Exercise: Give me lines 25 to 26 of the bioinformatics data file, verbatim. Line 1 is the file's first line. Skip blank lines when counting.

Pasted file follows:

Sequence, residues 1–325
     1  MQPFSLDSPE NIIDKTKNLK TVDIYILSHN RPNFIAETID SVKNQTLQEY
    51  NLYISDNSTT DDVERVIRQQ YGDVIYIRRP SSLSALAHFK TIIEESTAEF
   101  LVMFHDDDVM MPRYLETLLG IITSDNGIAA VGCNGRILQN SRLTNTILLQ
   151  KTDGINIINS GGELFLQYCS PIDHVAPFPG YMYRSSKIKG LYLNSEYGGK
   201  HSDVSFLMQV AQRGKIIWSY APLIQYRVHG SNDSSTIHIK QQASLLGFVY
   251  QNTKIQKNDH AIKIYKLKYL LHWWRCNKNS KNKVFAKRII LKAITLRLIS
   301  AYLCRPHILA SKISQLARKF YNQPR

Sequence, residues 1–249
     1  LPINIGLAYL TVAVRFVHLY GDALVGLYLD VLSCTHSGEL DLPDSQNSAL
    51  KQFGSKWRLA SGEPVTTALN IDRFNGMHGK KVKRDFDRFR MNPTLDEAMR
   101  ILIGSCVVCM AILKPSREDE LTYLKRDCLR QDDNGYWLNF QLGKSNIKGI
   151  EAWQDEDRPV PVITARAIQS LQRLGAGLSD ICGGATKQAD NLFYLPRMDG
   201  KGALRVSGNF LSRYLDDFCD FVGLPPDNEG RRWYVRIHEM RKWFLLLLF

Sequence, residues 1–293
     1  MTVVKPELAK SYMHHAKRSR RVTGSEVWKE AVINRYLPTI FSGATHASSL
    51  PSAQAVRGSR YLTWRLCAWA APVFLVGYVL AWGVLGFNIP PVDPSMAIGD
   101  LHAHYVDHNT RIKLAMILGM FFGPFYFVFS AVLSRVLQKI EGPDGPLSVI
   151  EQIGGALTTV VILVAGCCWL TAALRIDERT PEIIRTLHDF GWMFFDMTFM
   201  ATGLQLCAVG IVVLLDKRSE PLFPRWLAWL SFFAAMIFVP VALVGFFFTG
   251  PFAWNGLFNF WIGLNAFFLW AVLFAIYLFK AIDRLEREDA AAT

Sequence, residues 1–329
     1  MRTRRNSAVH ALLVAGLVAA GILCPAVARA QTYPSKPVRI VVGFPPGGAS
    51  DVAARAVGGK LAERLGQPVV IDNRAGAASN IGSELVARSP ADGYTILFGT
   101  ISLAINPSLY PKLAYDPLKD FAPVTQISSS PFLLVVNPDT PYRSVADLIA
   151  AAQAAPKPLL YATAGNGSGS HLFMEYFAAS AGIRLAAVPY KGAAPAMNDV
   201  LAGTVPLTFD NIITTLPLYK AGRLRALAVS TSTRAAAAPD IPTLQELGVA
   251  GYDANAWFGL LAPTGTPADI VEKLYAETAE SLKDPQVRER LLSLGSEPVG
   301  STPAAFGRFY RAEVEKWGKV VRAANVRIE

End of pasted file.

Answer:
   101  ISLAINPSLY PKLAYDPLKD FAPVTQISSS PFLLVVNPDT PYRSVADLIA
   151  AAQAAPKPLL YATAGNGSGS HLFMEYFAAS AGIRLAAVPY KGAAPAMNDV